From the front lines of Wisconsin’s abortion battle, obstetricians describe patients who cannot comprehend having to carry nonviable pregnancies. And only one pharmacist in town can be found who will fill prescriptions for abortion pills.
Although nearly 40% of Americans 60 and older are obese, Medicare doesn’t cover weight loss medications. Meanwhile, studies haven’t thoroughly examined new drugs’ impact on older adults.
As three years of pandemic stress accelerated an ongoing nationwide mental health crisis, peer respite programs diverted patients from overburdened emergency rooms, psychiatric institutions, and behavioral therapists. Now, more “respites” are opening.
As settlement dollars land at the state level, state councils wield significant power in determining how the windfall gets spent. And, though they will likely include the most knowledgeable voices on addiction, these panels also face concerns about conflicts of interest and other issues.
A proposed Environmental Protection Agency rule calls for companies to disclose PFAS manufactured or imported since 2011. The chemical industry is upset because such compliance would cost an estimated $1 billion, while environmental health advocates worry because the rule wouldn’t ban the chemicals outright.
To drive down costs, insurers are bypassing hospital system pharmacies and delivering high-priced infusion drugs, including some used in chemotherapy, via third-party pharmacies. Smarting from losing out on billing for those drugs, hospitals and clinics are trying to convince states to limit this practice, known as “white bagging.”
Distrust of public health authorities, who say drinking raw milk is dangerous, fuels demand for unpasteurized milk products, leaders on both sides of the issue say.
The first FDA-authorized cigarettes with 95% less nicotine than traditional smokes will go on sale in California, Florida, and Texas starting in early July. Anti-smoking groups oppose greenlighting just one plant biotech’s products and instead urge federal regulators to set a low-nicotine standard for the entire industry.
Last month, Florida joined a growing number of states in banning sales taxes on diapers to make them more affordable for older adults and families with young children. Though diapers are essential for many, they are not covered by food stamps. Nor are incontinence products for older adults typically covered by Medicare. The cost can easily add up on a fixed income.
The “front door” to the health system is changing, under pressure from increased demand, consolidation, and changing patient expectations.
Supporters say the proposed rules would balance the goals of increasing access to health care and helping prevent medication misuse. Opponents say the rules would make it difficult for some patients — especially those in rural areas — to get care.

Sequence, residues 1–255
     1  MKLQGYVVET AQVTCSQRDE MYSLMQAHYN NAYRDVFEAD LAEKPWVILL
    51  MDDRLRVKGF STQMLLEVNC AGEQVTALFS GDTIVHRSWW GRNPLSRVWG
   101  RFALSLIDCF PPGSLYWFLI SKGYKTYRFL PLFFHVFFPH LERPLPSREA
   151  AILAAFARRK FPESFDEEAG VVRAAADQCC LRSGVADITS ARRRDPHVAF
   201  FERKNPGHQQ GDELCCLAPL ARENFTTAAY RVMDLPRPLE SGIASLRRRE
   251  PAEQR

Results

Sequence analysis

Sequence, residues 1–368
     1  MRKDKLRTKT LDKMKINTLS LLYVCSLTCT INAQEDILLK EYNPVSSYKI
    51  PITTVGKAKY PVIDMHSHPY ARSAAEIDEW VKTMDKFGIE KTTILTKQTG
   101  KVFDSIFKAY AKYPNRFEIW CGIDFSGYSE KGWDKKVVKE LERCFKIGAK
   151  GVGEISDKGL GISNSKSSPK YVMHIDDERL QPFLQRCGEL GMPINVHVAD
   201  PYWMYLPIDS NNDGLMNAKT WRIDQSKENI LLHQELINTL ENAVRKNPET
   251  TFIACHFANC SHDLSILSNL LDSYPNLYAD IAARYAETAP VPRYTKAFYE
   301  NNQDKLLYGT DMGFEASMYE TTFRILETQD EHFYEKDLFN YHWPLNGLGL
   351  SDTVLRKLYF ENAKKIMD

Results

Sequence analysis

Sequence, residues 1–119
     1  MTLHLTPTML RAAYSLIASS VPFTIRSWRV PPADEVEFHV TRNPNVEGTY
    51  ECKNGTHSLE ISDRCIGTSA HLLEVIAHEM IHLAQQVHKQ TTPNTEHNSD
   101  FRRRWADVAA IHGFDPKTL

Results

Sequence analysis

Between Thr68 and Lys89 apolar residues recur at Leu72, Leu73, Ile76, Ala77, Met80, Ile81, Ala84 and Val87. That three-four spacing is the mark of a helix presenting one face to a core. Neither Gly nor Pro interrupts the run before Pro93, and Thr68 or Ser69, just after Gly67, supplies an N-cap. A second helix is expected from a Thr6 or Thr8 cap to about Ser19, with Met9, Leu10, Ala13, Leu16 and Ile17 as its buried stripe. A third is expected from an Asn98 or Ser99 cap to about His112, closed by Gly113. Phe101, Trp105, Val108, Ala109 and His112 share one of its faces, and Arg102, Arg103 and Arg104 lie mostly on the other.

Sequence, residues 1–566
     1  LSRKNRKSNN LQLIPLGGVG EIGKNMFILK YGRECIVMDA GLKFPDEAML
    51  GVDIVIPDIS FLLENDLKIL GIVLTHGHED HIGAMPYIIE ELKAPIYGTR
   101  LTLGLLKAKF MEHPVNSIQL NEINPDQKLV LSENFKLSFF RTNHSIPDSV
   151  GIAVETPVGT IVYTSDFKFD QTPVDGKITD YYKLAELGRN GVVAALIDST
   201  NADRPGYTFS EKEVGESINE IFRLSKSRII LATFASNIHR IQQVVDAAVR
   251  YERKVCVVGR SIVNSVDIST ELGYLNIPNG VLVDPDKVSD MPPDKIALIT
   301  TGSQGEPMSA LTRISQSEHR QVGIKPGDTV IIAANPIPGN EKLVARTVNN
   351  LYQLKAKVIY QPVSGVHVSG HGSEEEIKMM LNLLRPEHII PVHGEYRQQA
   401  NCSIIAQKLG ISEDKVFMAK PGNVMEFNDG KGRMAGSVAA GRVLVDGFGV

Physicians and attorneys say it’s a question of when — not if — a pregnant person dies from lack of care in a state with an abortion ban, potentially setting the stage for a malpractice lawsuit that could pressure providers to reconsider delaying or denying care.
A federal program meant to reduce maternal and infant mortality in rural areas isn’t reaching Black women who are most likely to die from pregnancy-related causes.
As more states restrict gender-affirming care for transgender people, some are relocating to more welcoming destinations, such as California, Illinois, Maryland, and Nevada, where they don’t have to worry about being locked out of medical care.
KFF Health News obtained documents showing the exact dollar amounts — down to the cent — that local governments have been allocated in 2022 and 2023 to battle the ongoing opioid crisis.
U.S. hospitals have seen a record number of cyberattacks over the past few years. Getting hacked can cost a hospital millions of dollars, expose patient data, and even jeopardize patient care.
Secretary of Health and Human Services Xavier Becerra is asking states to make more of an effort to keep eligible Medicaid recipients enrolled. He particularly fears children losing health insurance coverage.
Cities and towns are again in deep waters this summer trying to hire enough lifeguards to open their public pools. Many are proceeding with sensitivity to issues of race and ethnicity.
Dental therapists are licensed providers who offer basic care traditionally provided by dentists, including fillings and simple tooth extractions. But opposition from interest groups and the profession’s relative newness mean more than two-thirds of states don’t yet have them.
The number of DOs is surging, and more than half of them practice in primary care, including in rural areas hit hard by doctor shortages.